Do outbreaks of ‘Disease X’ regulate NHS beds and costs?

  • Rodney Jones
  • British Journal of Healthcare Management, April 2018, Mark Allen Group
  • DOI: 10.12968/bjhc.2018.24.4.204

Unexplained increases in NHS bed occupancy in England point to an infectious source

What is it about?

This study calculated daytime bed occupancy in the English NHS between 1998/99 and 2016/17 for both elective and non-elective admissions. Baseline bed occupancy over this 18 year period had remained roughly constant despite predictions by bed models that bed demand was decreasing. Occupancy showed three unexplained peaks in 2003/04, 2009/10 and 2016/17 which were 11,000, 5,000 and 6,000 occupied beds above the baseline trend. These peaks were all associated with unexplained higher deaths and unexplained higher NHS costs.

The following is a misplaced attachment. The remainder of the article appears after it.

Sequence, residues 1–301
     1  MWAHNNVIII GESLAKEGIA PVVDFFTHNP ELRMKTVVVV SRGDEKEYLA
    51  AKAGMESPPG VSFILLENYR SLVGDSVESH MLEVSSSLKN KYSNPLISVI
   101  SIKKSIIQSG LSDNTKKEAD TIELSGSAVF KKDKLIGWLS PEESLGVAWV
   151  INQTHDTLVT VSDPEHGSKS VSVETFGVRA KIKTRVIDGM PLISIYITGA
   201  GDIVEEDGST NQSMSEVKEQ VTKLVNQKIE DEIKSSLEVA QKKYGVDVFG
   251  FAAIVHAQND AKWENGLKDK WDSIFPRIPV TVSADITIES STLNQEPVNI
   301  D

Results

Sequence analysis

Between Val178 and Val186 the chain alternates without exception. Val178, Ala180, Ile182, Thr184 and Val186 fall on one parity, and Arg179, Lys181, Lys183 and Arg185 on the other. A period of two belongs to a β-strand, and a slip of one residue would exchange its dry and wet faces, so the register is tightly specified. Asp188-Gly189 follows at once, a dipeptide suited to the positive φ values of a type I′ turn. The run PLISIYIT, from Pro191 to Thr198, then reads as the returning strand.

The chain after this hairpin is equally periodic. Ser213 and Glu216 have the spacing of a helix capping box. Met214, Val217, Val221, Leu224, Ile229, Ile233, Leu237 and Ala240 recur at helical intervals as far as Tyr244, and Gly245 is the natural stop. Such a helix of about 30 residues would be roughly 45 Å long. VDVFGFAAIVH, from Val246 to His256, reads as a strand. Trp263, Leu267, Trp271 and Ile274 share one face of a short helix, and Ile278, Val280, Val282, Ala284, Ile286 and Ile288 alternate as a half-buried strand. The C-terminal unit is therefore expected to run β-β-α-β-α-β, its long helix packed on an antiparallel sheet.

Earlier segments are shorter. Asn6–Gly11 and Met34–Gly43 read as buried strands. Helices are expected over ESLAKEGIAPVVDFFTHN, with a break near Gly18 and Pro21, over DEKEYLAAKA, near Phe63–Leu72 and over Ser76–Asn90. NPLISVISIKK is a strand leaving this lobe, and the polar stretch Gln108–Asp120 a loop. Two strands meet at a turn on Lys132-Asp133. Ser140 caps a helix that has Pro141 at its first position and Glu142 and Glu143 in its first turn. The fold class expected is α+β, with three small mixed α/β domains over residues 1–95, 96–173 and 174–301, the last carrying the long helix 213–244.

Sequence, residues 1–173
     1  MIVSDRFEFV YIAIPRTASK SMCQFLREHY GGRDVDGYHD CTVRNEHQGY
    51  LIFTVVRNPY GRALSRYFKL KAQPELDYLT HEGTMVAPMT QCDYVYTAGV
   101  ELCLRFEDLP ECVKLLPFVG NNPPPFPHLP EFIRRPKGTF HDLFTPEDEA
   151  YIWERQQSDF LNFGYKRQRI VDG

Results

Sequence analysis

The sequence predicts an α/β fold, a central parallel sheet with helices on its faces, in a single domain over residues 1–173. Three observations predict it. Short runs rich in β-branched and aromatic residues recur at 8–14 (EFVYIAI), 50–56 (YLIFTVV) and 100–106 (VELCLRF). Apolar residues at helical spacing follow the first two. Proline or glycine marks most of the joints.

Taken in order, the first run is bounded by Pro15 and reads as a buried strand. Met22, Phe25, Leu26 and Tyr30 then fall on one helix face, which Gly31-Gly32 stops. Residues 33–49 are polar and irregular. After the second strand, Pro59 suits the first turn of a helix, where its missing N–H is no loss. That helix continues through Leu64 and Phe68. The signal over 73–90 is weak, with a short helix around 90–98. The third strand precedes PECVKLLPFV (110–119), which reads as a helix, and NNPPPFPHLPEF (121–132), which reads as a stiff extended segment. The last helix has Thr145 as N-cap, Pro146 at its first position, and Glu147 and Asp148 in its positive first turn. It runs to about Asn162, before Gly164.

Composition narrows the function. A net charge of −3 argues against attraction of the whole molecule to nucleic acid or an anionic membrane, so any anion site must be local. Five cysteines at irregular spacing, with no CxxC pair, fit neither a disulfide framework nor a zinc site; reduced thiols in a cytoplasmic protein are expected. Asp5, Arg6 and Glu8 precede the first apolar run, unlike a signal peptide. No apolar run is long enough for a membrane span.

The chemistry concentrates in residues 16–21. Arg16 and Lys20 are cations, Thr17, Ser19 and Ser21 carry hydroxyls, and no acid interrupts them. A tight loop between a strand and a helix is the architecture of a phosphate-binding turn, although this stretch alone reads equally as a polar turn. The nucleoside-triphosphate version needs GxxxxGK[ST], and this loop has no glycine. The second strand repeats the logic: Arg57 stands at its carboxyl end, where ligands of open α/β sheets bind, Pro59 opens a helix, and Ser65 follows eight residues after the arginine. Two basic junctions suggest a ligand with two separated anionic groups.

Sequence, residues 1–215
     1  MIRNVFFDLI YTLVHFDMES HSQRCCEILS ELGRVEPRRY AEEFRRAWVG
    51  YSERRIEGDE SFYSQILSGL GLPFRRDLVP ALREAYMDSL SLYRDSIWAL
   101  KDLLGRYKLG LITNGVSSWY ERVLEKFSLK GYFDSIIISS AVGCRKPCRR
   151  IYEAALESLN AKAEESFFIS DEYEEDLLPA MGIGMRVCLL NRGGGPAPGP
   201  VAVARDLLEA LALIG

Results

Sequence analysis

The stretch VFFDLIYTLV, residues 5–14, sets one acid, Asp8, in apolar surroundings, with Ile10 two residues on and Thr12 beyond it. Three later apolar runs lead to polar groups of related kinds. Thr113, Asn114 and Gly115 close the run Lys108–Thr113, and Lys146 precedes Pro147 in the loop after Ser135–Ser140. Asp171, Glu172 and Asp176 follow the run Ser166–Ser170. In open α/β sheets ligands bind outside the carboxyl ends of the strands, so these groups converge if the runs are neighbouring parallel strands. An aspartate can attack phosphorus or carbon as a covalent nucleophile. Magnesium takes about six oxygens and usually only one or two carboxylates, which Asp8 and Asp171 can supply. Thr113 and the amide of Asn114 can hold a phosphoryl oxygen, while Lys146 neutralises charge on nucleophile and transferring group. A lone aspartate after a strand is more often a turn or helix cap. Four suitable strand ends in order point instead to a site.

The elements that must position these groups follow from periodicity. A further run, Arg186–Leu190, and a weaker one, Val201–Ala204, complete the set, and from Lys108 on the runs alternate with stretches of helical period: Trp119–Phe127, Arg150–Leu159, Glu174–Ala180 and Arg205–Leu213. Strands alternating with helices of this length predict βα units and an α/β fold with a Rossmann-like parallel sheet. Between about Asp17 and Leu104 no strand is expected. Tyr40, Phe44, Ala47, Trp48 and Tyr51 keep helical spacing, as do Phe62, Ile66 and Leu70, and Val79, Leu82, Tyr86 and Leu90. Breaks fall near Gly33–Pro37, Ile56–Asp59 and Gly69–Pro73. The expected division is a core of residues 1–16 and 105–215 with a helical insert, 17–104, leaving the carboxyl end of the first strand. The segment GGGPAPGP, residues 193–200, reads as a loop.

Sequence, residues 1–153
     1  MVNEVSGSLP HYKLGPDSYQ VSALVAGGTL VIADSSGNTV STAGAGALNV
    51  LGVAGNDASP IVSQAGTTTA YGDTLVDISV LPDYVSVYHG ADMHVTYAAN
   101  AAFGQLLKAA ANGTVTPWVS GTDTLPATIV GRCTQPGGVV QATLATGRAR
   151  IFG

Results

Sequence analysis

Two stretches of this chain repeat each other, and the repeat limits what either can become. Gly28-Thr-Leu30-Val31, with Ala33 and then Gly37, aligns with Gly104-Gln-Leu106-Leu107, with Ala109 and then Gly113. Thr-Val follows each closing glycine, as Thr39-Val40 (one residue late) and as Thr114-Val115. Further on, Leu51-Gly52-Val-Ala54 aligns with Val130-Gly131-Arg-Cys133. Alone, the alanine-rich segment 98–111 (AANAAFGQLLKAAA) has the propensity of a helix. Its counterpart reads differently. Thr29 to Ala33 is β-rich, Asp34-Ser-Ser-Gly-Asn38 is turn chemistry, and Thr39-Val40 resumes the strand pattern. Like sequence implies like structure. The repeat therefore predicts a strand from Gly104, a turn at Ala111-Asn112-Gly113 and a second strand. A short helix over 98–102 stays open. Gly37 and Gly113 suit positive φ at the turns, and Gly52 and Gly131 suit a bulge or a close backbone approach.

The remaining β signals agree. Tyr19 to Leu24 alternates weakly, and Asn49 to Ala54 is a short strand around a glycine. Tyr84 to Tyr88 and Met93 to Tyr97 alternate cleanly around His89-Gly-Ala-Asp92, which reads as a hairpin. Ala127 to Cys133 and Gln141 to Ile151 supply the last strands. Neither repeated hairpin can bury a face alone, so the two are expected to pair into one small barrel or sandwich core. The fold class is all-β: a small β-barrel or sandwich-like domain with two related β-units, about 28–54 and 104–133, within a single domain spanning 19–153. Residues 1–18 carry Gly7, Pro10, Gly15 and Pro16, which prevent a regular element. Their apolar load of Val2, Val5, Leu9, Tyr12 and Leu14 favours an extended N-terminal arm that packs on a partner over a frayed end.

Why is it important?

The closure of large numbers of acute beds between 1998/99 and 2016/17 was completely unwarranted. Current bed models appear to have no relation to reality. The three large peaks in occupied beds remain without official explanation, although there is powerful evidence for the spread of a presumed infectious agent on all three occasions.

Perspectives

Dr Rodney P Jones
Coventry University

This is part of wider research into the possibility of outbreaks of a new type or kind of infectious disease, see http://www.hcaf.biz/2010/Publications_Full.pdf

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http://dx.doi.org/10.12968/bjhc.2018.24.4.204

The following have contributed to this page: Dr Rodney P Jones

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